A rate-drop below the 109.46 hurdle, marked by yesterday’s low, could confirm a forthcoming lower low and send the pair towards the 109.13 zone, which is the low of January 29th. At some point we may see a small correction back up, but if the bears are still feeling stronger, another slide may bring USD/JPY slightly below the 109.13 obstacle, to the 109.00 level, marked near the intraday swing highs of January 31st and February 1st.
Alternatively, a strong push back above the 110.00 barrier could invite some more buyers back into the game, as such a move might increase the pairs chances to rise a bit more. This is when we will examine the 110.27 hurdle again, a break of which could test the 110.55 area, marked by the intraday swing low of May 6th. If the rate-acceleration doesn’t end there, this may lead USD/JPY to test the short-term downside resistance line taken from the high of April 24th.
During the European day, we get the first estimate of the UK GDP for Q1. Expectations are for economic growth to have accelerated to +0.5% qoq from +0.2%, something that will drive the yoy rate up to +1.8% from +1.4%. Industrial and manufacturing production for March are also due to be released, with both the yoy rates expected to have risen to +0.5% and +1.3% from +0.1% and +0.6% respectively. The case is supported by the manufacturing PMI for the month, which rose to 55.1 from 52.1.
Following the rebound in in the Chinese, US and Eurozone’s growth rates, such data would signal that the UK is following suit despite the uncertainty surrounding the nation’s political scene. That said, with the Brexit riddle still unresolved, pound traders have stayed focused on developments surrounding that front. With news headlines suggesting that talks between the UK government and the opposition Labour party are unlikely bear fruit any time soon, we believe that any GBP gains following the aforementioned data are likely to stay capped.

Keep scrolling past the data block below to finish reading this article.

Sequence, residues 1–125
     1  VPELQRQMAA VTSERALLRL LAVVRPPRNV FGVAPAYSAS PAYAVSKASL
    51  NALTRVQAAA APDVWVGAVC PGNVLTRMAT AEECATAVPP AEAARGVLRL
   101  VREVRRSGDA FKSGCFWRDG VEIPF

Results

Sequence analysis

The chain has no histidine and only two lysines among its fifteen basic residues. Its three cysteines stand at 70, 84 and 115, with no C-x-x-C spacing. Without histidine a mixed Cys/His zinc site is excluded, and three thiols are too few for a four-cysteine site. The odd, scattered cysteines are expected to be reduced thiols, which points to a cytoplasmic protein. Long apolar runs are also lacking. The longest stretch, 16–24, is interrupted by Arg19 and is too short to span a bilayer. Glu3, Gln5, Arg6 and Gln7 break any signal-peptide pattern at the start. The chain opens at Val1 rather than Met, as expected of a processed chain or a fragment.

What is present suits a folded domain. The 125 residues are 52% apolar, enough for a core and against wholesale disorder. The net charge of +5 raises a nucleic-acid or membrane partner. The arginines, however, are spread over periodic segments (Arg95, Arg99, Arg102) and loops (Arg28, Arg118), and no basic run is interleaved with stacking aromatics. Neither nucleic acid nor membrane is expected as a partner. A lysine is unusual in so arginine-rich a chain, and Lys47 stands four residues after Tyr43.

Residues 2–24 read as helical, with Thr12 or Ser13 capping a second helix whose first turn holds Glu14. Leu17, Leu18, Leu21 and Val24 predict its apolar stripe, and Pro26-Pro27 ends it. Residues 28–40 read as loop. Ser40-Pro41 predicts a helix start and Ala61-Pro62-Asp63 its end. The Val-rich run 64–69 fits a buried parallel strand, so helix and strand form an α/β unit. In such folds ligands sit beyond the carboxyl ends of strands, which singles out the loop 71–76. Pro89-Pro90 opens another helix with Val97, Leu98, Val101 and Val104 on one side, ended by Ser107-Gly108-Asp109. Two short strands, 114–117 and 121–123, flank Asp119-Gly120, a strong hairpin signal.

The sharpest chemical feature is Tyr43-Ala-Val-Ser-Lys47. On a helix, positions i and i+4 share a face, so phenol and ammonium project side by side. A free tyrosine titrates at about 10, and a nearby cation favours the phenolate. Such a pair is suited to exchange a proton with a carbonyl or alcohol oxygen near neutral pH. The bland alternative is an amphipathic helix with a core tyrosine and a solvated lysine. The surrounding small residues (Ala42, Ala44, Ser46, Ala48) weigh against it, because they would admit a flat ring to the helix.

In the US, inflation data for April is due to be released. Both the headline and core rates are expected to have risen to +2.1% yoy, from 1.9% and 2.0% previously. However, bearing in mind that the PPI rates for the month, released yesterday, held steady instead of rising as the forecasts suggested, we see the risks surrounding the CPI forecasts as tilted to the downside, perhaps for both the headline and core rates to stay unchanged as well.
Even if they rise in line with expectations, we see it unlikely for market participants to start placing bets with regards to a Fed hike this year. After all, at the press conference following last week’s FOMC decision, Chair Powell noted that the Committee does not see a strong case for moving in either direction. A small rise could just prompt investors to take some of their cut-bets off the table. According to the Fed fund futures, they currently see a nearly 60% chance for interest rates to be lower by year end.
Canada’s employment data for April are also on the agenda. The unemployment rate is forecast to have remained unchanged at +5.8%, while the net change in employment is forecast to show a 10k jobs gain after a 7.2k slide in March. Despite the potential recovery in the employment change, we don’t expect this report to spark hopes over a hawkish shift in the BoC’s forward guidance. After all, officials dropped their hiking bias just at the latest meeting and noted that they will “evaluate the appropriate degree of monetary policy as new data arrive”. Since then, the only top tier data we got was Canada’s monthly GDP rate for February, which came in at -0.1% mom, something that makes it even more unlikely for officials to start thinking about hikes again soon.
With regards to the speakers, we have three on today’s schedule: Fed Board Bovernor Lael Brainard, Atlanta Fed President Raphael Bostic, and New York Fed President John Williams.